U.S. Secretary of Transportation Ray LaHood is backing off plans by the agency to force thousands of localities to replace their perfectly good road signs.
The reversal comes after ABC News reported on new regulations that would have forced all cities and towns to buy new street signs.
"I believe that this regulation makes no sense. It does not properly take into account the high costs that local governments would have to bear. States, cities, and towns should not be required to spend money that they don't have to replace perfectly good traffic signs," said LaHood in a statement released Tuesday.
Now, U.S. Department of Transportation officials are asking for the public's input after considering the costs behind the changes.
Earlier, the Federal Highway Administration defended the changes as an effort to improve safety.
The new regulations, which were written under the Bush administration, were aimed at making signs easier to read for an aging population.
"If you can't read it, you can't see it or you can't comprehend it, it could be a distraction to you," said Federal Highway Administrator Victor Mendez earlier this week. "You could be in an accident, negative consequences could occur."
On Monday, the Federal Highway Administration announced on a new 45-day period of public comment on the rules and deadlines.
What Are the Regulations?
The federal government says THIS is harder to read than This.
ALL CAPS are bad. Mixed Case is Good.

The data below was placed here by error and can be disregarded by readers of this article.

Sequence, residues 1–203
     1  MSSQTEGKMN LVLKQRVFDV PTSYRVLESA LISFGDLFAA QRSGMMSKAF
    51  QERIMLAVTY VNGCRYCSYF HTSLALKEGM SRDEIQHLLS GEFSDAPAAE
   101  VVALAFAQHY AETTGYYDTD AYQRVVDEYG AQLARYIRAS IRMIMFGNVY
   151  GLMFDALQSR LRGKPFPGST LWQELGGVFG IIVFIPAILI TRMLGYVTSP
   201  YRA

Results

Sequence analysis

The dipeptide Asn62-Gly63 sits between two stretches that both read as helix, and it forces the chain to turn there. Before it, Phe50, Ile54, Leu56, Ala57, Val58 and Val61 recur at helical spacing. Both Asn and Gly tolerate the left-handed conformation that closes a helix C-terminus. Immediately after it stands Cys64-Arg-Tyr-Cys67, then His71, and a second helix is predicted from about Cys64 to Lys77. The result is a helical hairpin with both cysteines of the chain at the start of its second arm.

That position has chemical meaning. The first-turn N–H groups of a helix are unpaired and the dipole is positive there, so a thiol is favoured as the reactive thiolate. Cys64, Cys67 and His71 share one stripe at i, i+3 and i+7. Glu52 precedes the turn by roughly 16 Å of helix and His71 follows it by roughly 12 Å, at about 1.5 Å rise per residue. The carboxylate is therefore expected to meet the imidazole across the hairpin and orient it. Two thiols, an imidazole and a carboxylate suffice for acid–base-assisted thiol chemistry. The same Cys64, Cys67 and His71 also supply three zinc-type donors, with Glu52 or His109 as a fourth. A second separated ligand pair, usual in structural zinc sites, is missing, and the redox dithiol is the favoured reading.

The rules are part of a tangle of regulations included in the Manual of Uniform Traffic Control Devices.
The 800-plus page book tells local governments they:
-- Should increase the size of the letters on street signs from the current 4 inches to 6 inches on all roads with speed limits over 25 miles per hour. The target date for this to be completed is January 2012.
-- Install signs with new reflective letters more visible at night by January 2018.
-- And whenever street name signs are changed for any reason, they can no longer be in ALL CAPS.
In Milwaukee, this will cost the cash-strapped city nearly $2 million -- double the city's entire annual for traffic control.
In Dinwiddie County, Virginia -- with lots of roads but not many people -- the cost comes to about $10 for every man, woman and child.
"The money is better spent on education, or the sheriff's department or on public safety than something like that," said Harrison Moody, chairman of the Dinwiddie Board of Supervisors.
Many local residents in Dinwiddie say their current street signs work just fine, and they see no reason to change them.
"There are a lot of people out there that are hungry," said Dinwiddie resident Thomas Davis. "Why spend [money] on street signs when everybody can read a street sign or, if you don't know where you're going, get a GPS."
Whether or not requiring cities and towns to replace all their street signs improves safety, it would undoubtedly be a windfall for the multi-billion-dollar-a-year sign industry.
The American Traffic Safety Services Association -- which represents companies that make signs and the reflective material used on them -- lobbied hard for the new rules. And at least one key study used to justify the changes was funded by the 3M Corporation, one of the few companies that make the reflective material now required on street signs.
ABC News' Leezel Tanglao contributed to this report.